In addition, the prior statements had shown a substantial receivable from associated companies, and the bank officer testified that he was quite concerned about it. He further testified that he was relieved to learn that Feminette was now a separate operation and that the indebtedness had been eliminated. The plaintiff, therefore, had met its burden of producing evidence establishing a materially false statement. Indeed, the court below did not dispute this aspect:

"Basically, the Trustee's argument is that in appraising the financial statement of a potential borrower, receivables due from an affiliate are generally removed from the working capital position. Such treatment would have reduced Gem's working capital by more than 80%. This aspect of a financial statement has been recognized as one of the essential ones upon which creditors have a right to rely." (Opinion, at 6.)

The other requirements are indisputably present, with the single exception of whether the false statement was made with an intent to deceive on the part of the bankrupts. Judge Babitt found that there was no intent to deceive on the part of the bankrupts since there was no proof that they were sophisticated businessmen, and it may have been that they relied completely upon their accountant's opinion. He held that Bankruptcy Rule 407, which provides "[a]t the trial on a complaint objecting to discharge, the plaintiff has the burden of proving the facts essential to his objection," relieved the bankrupts of any obligation with respect to proof of intent. This Bankruptcy Rule, however, does not deal with the burden of going forward with evidence and leaves to the Court a formulation of rules governing such matters "in the light of such considerations as the difficulties of proving the non-existence of a fact and establishing a fact as to which the evidence is likely to be more accessible to the bankrupt than to the objector." Collier, supra, § 14.12, at 1304-05. The shifting of the burden of establishing a lack of intent has been commonly applied by the courts. See, e. g., In re Haggerty, 165 F.2d 977, 979-80 (2d Cir. 1948); In re Riceputo, 41 F.Supp. 926, 927-28 (E.D.N.Y.1941). As Collier points out:

"Evidence to establish the nonexistence of intent to deceive is more available to the bankrupt than evidence to prove the existence of such intent is to the plaintiff and this justifies the variance with the general rule as to burden of proof."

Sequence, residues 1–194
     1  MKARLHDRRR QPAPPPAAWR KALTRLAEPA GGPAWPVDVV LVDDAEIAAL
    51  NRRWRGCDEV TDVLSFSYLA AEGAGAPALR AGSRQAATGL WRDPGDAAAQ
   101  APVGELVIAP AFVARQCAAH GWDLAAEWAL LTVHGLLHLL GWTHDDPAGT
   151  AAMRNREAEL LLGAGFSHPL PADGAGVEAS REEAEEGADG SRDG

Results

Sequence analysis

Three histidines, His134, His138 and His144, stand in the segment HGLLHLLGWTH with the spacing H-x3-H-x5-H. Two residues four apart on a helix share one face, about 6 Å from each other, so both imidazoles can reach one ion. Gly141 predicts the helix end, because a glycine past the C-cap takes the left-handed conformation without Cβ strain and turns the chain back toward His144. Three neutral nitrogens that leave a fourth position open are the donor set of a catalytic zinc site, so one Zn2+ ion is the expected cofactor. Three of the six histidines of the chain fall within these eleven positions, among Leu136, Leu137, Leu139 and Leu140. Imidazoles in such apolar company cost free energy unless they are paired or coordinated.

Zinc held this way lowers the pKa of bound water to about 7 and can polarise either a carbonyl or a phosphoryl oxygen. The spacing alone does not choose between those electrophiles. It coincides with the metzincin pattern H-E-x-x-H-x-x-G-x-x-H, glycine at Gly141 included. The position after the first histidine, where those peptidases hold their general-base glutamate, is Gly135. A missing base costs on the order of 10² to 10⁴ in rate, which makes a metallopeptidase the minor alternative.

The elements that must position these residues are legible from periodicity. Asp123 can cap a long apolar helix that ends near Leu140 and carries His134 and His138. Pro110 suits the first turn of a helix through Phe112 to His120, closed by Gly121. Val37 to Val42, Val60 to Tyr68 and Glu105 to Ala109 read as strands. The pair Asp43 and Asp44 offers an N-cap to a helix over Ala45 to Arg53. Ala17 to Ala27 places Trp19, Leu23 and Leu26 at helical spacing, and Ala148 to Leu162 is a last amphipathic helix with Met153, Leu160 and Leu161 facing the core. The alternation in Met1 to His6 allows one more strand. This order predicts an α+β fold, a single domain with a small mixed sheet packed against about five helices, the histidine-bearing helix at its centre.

Collier, supra, § 14.43, at 1407.

The burden of going forward on the issue of intent to deceive was, therefore, upon the bankrupt.

Finally, the bankrupts argue that since Rule 810 of the Rules of Bankruptcy Procedure requires the Court to accept the Referee's findings unless clearly erroneous and to give due regard to his opportunity to judge the credibility of witnesses, this Court must accept his conclusion that there was an absence of intent to deceive.3 However, this rule rests upon the opportunity of the Bankruptcy Judge to hear and observe the bankrupt. That did not occur in this case since the motion to dismiss was granted at the conclusion of the plaintiff's case.

It seems inconceivable that the bankrupts could have denied being aware that virtually all of their receivables, and all of their investments, were in affiliated companies. How they would have explained the accountant's aberration in preparing the financial statement which seriously distorted their monetary situation is still a matter for speculation. Whether they would acknowledge that, as had happened earlier, they could foresee a refusal to renew the loan because of extensive affiliated accounts receivables, is another debatable matter. Most important, of course, is whether Negrin would acknowledge making the oral statements concerning the divorce of Feminette from Gem, and the absence of affiliated receivables.

Intent is a question of fact. It is not a matter of law. However, the court below determined it as a matter of law based upon an interpretation of the bankruptcy rules, without hearing the testimony of the bankrupts. The Advisory Committee's notes to Rule 407 make it clear that this result was neither mandated nor intended:

"This rule does not deal with the burden of going forward with the evidence. Subject to the allocation by the rule of the initial burden of producing evidence and the ultimate burden of persuasion, the rule leaves to the courts the formulation of rules governing the shift of the burden of going forward with the evidence in the light of such consideration as the difficulties of proving the nonexistence of a fact and of establishing a fact as to which the evidence is likely to be more accessible to the bankrupt than to the objector."

It is always prudent to reserve decision on a motion to dismiss at the conclusion of plaintiff's case and to hear all the evidence.4

Under the circumstances of this case, the Bankruptcy Judge should have heard the testimony of the bankrupts before making a factual finding as to whether they had an intent to deceive in submitting the erroneous financial statements. For all of these reasons, the opinion and order of the court below must be reversed. The case is remanded for further proceedings consistent with this opinion.



1. In the Bankruptcy Court the trustee claimed all three transactions were fraudulent. In this appeal, however, the trustee confines himself to the loan from the Chase Manhattan Bank.
2. The explanation given for the existence of Feminette was that a number of wholesale purchasers felt they could not make all of their purchases from Gem. Consequently, by having a separate sales unit with a different name, it was apparently possible for Gem to sell twice as many goods to their customers.
3. This would appear to have been the rule in this circuit even prior to the revision of the bankruptcy rules. In re Tabebian, 289 F.2d 793, 795 (2d Cir. 1961); In re Ostrer, 393 F.2d 646 (2d Cir. 1968).
4. Cf. Gratian v. General Dynamics, Inc., 587 F.2d 121 (2d Cir. 1978).